A damning National Audit Office report found the cost of processing a Universal Credit (UC) claim was costing four times as much as it should.
And it found the aim of getting more people into work will never be able to be measured.
The rollout has also taken “significantly longer” while around a quarter of claimants were not paid in full on time and on late payments were delayed by four weeks on average.
The spending watchdog said it was uncertain if UC – which rolled up six benefits into one and was intended to get more people into work – would ever deliver value for money.
Labour’s Frank Field, who chairs the Work and Pensions Select committee, described UC as a “shambles, leaving a trail of destruction in its wake”.
The report said the current cost of processing a claim was £699 when it is supposed to be £173 by 2024.
It said satisfaction among claimants was similar to those claiming benefits under the previous system, but two out of five were experiencing financial difficulties.
Amyas Morse, head of the National Audit Office, said: “The benefits that it set out to achieve through Universal Credit, such as increased employment and lower administration costs, are unlikely to be achieved, yet the Department has little realistic alternative but to continue with the programme and hopefully learn from past mistakes.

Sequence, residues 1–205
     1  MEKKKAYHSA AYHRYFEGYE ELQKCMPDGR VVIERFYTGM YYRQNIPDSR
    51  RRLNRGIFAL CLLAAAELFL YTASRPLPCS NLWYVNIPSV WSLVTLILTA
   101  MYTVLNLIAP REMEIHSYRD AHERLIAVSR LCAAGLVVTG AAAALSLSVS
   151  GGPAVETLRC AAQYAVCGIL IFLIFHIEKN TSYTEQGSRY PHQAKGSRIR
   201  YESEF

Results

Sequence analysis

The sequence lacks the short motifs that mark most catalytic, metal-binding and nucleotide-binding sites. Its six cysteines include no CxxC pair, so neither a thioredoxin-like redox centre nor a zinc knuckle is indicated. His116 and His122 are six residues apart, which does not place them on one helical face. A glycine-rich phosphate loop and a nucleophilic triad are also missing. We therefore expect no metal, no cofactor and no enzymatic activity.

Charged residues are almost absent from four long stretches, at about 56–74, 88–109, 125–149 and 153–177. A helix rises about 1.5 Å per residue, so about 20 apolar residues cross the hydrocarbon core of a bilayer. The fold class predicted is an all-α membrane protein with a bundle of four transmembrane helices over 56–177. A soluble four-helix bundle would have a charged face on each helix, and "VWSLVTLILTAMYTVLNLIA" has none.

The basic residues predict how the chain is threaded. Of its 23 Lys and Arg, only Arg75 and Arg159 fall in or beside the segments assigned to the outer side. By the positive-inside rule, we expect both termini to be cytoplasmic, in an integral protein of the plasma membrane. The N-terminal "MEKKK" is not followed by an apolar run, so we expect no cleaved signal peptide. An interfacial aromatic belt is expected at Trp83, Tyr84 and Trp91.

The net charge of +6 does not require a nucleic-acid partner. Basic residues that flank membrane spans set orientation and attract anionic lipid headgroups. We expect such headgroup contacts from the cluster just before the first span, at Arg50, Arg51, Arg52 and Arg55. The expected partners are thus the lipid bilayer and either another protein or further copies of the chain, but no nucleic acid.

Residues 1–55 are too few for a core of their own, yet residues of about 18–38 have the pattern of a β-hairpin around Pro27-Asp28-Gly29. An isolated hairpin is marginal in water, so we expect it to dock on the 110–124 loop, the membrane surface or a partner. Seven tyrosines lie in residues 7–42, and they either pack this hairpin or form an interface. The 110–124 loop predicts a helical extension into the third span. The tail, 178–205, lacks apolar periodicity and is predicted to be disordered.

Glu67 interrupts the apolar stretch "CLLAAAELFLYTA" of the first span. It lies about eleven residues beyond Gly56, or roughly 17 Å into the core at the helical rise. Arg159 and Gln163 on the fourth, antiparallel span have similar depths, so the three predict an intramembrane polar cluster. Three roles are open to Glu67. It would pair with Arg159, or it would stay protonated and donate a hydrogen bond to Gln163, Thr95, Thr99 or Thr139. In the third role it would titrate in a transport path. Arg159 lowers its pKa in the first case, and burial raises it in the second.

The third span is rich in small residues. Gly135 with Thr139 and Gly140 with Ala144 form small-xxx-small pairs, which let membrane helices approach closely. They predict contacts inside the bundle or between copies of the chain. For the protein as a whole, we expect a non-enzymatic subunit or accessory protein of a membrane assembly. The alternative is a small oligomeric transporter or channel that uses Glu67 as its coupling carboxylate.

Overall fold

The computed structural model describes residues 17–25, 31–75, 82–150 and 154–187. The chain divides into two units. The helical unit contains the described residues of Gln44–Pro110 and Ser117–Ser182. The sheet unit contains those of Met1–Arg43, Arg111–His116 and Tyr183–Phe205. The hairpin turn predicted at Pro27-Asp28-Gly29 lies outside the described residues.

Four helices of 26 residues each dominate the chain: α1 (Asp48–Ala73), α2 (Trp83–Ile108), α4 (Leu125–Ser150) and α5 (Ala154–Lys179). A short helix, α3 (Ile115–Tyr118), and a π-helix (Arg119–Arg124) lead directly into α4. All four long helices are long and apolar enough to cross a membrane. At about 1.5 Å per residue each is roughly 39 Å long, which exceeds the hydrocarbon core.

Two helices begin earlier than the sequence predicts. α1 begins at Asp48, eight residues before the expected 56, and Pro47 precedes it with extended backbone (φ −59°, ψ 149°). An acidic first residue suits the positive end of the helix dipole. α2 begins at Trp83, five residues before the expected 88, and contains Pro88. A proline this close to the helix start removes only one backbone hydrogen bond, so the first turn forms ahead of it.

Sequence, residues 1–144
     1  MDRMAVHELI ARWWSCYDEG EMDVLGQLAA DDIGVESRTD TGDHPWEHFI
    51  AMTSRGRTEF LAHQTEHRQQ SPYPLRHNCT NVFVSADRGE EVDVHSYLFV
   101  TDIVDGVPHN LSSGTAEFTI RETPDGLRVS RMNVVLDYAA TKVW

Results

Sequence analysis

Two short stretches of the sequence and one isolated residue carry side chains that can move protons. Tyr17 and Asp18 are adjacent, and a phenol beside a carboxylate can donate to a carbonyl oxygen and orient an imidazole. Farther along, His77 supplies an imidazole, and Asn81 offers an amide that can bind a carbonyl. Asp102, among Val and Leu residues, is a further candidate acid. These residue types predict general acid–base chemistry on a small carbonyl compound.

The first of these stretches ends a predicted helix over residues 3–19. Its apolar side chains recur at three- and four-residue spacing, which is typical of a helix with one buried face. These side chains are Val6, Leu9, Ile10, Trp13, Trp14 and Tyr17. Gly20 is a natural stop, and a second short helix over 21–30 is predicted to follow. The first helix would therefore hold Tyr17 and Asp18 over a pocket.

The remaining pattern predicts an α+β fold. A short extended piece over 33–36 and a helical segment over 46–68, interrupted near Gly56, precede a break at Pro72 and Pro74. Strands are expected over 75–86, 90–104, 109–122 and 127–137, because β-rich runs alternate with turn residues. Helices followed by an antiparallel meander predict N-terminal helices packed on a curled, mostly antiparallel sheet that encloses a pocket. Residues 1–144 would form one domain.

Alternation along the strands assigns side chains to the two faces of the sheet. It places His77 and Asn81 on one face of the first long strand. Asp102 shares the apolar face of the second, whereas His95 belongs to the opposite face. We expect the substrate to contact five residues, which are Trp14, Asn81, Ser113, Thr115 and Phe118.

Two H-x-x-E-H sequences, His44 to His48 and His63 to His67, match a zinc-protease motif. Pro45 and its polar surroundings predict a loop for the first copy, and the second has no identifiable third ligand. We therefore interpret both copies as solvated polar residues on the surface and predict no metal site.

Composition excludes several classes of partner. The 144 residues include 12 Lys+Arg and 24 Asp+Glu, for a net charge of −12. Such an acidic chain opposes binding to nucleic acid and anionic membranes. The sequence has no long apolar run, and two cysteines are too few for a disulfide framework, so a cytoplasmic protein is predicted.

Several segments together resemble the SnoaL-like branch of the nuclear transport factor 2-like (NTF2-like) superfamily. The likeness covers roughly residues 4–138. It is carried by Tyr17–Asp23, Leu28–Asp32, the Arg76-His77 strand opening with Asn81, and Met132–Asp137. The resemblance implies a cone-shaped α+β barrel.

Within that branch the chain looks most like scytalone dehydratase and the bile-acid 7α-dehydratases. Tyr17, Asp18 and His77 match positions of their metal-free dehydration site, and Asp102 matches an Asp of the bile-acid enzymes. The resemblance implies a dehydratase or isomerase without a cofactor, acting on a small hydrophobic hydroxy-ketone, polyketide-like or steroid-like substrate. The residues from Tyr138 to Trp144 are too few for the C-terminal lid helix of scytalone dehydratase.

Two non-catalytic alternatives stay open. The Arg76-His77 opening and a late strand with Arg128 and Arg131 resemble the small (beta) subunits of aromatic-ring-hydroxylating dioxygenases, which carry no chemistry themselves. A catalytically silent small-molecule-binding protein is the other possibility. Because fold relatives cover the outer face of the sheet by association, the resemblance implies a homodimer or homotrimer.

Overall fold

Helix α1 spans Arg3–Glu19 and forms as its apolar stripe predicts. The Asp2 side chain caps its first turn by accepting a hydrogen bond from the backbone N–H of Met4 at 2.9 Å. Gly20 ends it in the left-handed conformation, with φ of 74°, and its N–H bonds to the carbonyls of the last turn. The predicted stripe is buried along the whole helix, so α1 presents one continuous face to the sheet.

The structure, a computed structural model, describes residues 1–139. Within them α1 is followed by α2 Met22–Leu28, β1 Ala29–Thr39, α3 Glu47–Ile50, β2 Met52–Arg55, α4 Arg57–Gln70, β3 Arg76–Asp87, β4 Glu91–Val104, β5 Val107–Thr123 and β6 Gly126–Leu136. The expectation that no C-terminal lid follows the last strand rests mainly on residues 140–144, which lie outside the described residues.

“We think the larger claims for Universal Credit, such as boosted employment, are unlikely to be demonstrable at any point in future. Nor for that matter will value for money.”
Some £1.9 billion has been spent so far on UC.
Gillian Guy, chief executive of Citizens Advice, said: “While Universal Credit is working well for some, more than a quarter of a million people are expected to wait longer than five weeks for their first full payment.
“This puts them at risk of falling behind on bills and getting into debt – a heavy price to pay for a system that isn’t working properly.”
Last night a DWP spokesman said: “We are building a benefit system fit for the 21st century, providing flexible, person-centred support, with evidence showing Universal Credit claimants getting into work faster and staying in work longer.
“Universal Credit is good value for money and is forecast to realise a return on investment of £34bn over ten years against a cost of £2bn, with 200,000 more people in work.
“Furthermore 83 per cent of claimants are satisfied with the service and the majority agree that it ‘financially motivates’ them to work.”
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